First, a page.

There are, predictably, those who are willing to write off this film from the get go. It’s not exactly surprising, given that the first film, though it made a barrel-load of cash for the makers, wasn’t exactly a critical success…and that’s putting it mildly. In short, ‘Cicakman’ made considerable steps forward in terms of on-screen technology for Malaysian films, but it still looked like something that wouldn’t look out of place on a Saturday morning cartoon schedule list.
Nevertheless, though apples tend not to fall far from the tree, it is still not the same as the tree. With that in mind, I was more than willing to tick it on the festival list, and give it a go.
And so we pick up where we left off, with Saiful Apek returning as the Cicakman again. His alter-ego (or vice-versa), Hairi, is dealing with the unexpected consequences of being very heroic. That is to say, he’s having trouble holding on to his job (more than just a dash of ‘Spiderman 2’ here…). At least, he is more alive than Danny (Yusry KRU), who makes regular appearances in his dreams.Feeling that there’s more to this, he seeks the helps of a medium, Miss Chee (Louisa Chong) to interprete his dreams. Also trying her best to keep him on the straight and narrow is Iman (Sharifah Amani), Danny’s sister. His love interest, Tania (Fasha Sandha), is driven by her desire to reveal the identity of Cicakman, and has thus been promoted somewhat to green broadcast journalist (shades of ‘Ghost Rider’ here).
Things seems somewhat rosy enough, but Cicakman has to deal with not one, but two villains (inspired by ‘Spiderman 3’, maybe?). In addition to the return of Professor Klon (Aznil Nawawi), who plans to take over the city by infecting its water supply (Malaysia’s attack plan against Singapore, perhaps?), we also have Rrama (Tamara Bleszynski, who’s not actually Ukrainian, but Indonesian, much to my surprise), an ass-kicking, video-recording, butterfly-themed vixen. If the Professor provided the brains, then Rrama provided the brawn, stepping up to the plate and giving Cicakman something proper to think about. The opening scene, in fact, consisted mainly of her going through an army of henchman without so much as breaking a sweat.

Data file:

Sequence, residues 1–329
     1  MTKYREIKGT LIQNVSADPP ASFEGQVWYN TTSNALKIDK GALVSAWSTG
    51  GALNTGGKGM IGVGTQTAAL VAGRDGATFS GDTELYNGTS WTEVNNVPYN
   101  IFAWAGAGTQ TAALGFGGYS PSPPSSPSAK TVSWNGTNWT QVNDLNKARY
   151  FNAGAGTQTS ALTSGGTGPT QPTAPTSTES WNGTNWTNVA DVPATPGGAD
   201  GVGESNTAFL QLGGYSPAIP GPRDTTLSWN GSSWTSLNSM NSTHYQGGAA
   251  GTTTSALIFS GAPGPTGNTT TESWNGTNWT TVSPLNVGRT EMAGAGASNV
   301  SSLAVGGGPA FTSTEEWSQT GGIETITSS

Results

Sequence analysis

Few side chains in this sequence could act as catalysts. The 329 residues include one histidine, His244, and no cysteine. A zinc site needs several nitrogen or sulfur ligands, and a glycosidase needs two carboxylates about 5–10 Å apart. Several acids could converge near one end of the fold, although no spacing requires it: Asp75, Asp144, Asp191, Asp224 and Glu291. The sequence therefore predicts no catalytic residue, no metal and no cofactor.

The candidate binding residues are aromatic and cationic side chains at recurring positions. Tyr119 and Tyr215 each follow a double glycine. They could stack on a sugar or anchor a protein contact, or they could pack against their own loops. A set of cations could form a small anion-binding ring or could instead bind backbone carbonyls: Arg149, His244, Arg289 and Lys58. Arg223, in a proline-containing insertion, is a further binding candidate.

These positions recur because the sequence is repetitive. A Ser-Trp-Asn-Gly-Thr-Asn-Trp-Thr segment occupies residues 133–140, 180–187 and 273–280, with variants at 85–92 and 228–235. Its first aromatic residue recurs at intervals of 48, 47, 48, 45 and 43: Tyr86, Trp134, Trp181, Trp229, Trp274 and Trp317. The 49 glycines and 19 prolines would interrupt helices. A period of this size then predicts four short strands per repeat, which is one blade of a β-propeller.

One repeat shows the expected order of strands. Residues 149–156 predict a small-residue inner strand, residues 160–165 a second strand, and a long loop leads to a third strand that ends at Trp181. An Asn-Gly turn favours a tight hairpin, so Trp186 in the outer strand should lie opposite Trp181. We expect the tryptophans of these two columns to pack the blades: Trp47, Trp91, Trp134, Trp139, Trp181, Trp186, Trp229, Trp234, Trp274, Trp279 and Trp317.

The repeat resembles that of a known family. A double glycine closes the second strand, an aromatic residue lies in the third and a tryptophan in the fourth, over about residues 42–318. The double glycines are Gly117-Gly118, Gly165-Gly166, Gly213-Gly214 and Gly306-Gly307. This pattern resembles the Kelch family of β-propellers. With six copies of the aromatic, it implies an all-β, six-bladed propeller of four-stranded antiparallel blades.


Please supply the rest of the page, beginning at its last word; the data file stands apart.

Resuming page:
In fact, the ones who probably broke the most sweat of them all might well be the graphic production team. If the post-screening Q&A session is anything to go by, then the final product, made by 3 people over a period of 7 months is a fine achievement in itself. I can’t really remember specifically how the graphics for the first film looked, except that it wasn’t as impressive as I thought it would have been. Nevertheless, I feel that we did get to see a lot of Metrofulus as a city.
Perhaps the biggest letdown, then, is the story. Rather, the development (or lack of) of the story. Quite frankly, there are so many plot holes that my suspension of disbelief had as much chance of actually lasting throughout the film as a pig has of not rolling in his own waste. I don’t know why I actually wrote that, but somehow the sentence came to mind. Perhaps, then, I should put it in another way; I couldn’t sit back and think, “Yes, this is an improvement on the previous film.” I want to, but damn, everytime I resolved to give it a chance, we see Professor Klon turning up in Metrofulus in a tank, change the mood of the crowd in an instant, and trundle off back home in his tank without anyone making an attempt to follow him. There are moments that also made me cringe; somehow, the appearance of the Malaysian flag in this context (again, not unlike Spidey leeching on to the top of flag poles). And Jalaluddin Hassan! As our Prime Minister! Lovely. 🙂